NYC teachers are stretched thin as COVID-19 surges in schools

More than 14,000 students and staff have tested positive since winter break.

Students, parents and administrative staff gather in the main office at Yung Wing School P.S. 124 in New York City.

Students, parents and administrative staff gather in the main office at Yung Wing School P.S. 124 in New York City. Michael Loccisano/Getty Images

More than 14,000 students and staff at New York City schools were reported COVID-positive since the start of winter break, according to Department of Education data that represents a 1,000-per-day average since Dec. 23. 

The data dump comes as union members continue to call for a remote learning option until testing is expanded to include every student and staffer. 

As of Tuesday at 6 p.m., 8,743 students and 3,980 staffers were reported infected, according to the data, which also includes counts from charter schools. On Sunday, ahead of the first day back, 2,476 staffers and students were COVID-positive, more than a two-fold increase from the number of cases recorded a day earlier.

Since the start of school in September, 61,453 students and staff have tested positive for COVID-19.

The DOE said that the 1,000-per-day average is comparable to pre-winter break numbers, when approximately 800-900 cases were being reported. 

While no schools were closed as of Wednesday at 6 p.m., 33 classrooms across the district were, while 10 others were partially quarantined. 

All infected school children must quarantine for 10 days, while the teacher-quarantine period has been reduced to five, per CDC recommendations. Attendance dipped to just 67% on Monday, before rising slighting to 72% on Tuesday.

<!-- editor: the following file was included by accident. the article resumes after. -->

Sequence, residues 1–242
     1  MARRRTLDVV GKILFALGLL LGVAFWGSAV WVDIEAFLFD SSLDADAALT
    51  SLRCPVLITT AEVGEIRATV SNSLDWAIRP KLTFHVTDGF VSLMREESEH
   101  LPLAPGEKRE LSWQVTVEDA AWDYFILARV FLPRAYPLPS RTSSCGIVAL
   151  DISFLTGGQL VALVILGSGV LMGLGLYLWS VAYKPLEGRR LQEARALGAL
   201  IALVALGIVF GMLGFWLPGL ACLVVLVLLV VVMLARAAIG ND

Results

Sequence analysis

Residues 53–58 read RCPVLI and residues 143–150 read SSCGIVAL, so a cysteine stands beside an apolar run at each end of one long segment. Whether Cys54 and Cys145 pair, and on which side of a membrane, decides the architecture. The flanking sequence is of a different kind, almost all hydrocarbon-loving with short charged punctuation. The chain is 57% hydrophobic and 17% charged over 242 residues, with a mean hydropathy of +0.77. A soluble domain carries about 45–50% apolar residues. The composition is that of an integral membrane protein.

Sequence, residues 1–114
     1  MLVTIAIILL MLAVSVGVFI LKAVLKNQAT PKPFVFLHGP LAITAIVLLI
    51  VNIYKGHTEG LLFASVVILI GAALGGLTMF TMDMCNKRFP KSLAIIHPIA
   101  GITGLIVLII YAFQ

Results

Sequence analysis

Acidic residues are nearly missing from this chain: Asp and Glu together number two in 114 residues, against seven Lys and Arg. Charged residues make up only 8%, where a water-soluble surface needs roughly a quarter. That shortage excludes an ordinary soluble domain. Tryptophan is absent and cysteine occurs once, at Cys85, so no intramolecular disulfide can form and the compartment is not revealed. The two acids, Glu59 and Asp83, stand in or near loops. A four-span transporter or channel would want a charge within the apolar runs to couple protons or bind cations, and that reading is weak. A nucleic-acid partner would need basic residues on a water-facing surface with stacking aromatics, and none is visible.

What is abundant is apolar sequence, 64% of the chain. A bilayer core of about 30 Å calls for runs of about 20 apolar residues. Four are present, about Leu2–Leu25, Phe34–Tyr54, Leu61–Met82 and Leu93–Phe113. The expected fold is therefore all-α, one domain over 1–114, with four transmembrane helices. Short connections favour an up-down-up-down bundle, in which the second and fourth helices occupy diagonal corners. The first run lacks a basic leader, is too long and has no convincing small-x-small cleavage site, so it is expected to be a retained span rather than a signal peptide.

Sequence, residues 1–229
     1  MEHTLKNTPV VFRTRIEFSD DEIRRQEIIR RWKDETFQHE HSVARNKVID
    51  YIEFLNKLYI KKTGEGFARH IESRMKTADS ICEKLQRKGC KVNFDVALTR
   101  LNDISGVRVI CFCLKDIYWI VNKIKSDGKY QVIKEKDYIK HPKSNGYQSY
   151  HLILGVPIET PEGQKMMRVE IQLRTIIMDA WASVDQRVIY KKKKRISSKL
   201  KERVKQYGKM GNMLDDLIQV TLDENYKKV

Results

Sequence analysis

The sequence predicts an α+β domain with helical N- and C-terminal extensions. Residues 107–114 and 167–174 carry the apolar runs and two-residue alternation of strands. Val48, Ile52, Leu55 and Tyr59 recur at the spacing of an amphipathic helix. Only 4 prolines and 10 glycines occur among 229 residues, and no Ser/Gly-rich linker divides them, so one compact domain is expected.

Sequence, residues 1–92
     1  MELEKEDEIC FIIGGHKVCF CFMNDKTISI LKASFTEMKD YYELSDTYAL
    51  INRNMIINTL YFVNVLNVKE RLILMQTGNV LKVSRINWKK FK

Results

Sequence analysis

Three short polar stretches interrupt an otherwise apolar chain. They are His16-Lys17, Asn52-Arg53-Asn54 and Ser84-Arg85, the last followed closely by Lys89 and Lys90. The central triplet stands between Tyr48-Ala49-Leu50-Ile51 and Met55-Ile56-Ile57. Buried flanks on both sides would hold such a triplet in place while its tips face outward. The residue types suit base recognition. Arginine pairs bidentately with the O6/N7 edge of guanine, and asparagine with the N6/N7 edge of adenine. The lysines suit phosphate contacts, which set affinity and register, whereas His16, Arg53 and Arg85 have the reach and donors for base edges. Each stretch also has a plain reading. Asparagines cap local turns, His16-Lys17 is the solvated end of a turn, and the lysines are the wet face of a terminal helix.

The data underscore the highly contagious omicron variant’s tear through the city since early December, and it’s alarming impact on young children, who are being hospitalized at a much higher rate than during earlier COVID surges largely due to low vaccination rates among kids.

Union leadership has committed to Mayor Eric Adams’ goal to keep schools open, but some of its members say the plan endangers staffers and has been chaotic to manage. 

“A lot of students are spending the day in the auditorium, because there are not enough adults to watch them. Learning is not happening. Teachers can’t teach if they’re sick,” Lydia Howrilka, a social studies teacher at Clara Barton High School in Brooklyn, who is suing the school district to force remote learning, told City & State.

Howrilka said that 10 of the school’s 12 English Language Arts teachers were out on Tuesday. 

Just a fraction of students are being tested for COVID-19, because not all of them have turned in consent forms, she said.

“So we basically have the same group of 100 kids out of a school of 1,400 getting tested,” she said.

What’s more is communication about teacher testing has been limited, Howrilka said, noting that she was unable to be tested on Monday because she did not submit her own consent form on time. 

“Apparently you have to give them your consent form 72 hours before, but if no one tells me that there will be testing on the first day, how am I expected to get my permission slip in?” she said. 

A second Brooklyn public school teacher said she feels uneasy at school and has kept her two children home this week due to COVID-19 concerns.

“I don’t feel safe. The number of cases, how little testing there is, how hard it is to access tests, and how long the test results are taking to come back – the protocols that we have in place can only protect us so far, even vaccination. At this point, everything is flawed,” said Andrea Castellano, who teaches at Brooklyn Landmark Elementary School, adding that about half the students in her class have been out this week. “I don’t believe the mayor when he says the schools are safe, because I see with my own eyes all the ways that it’s not safe.”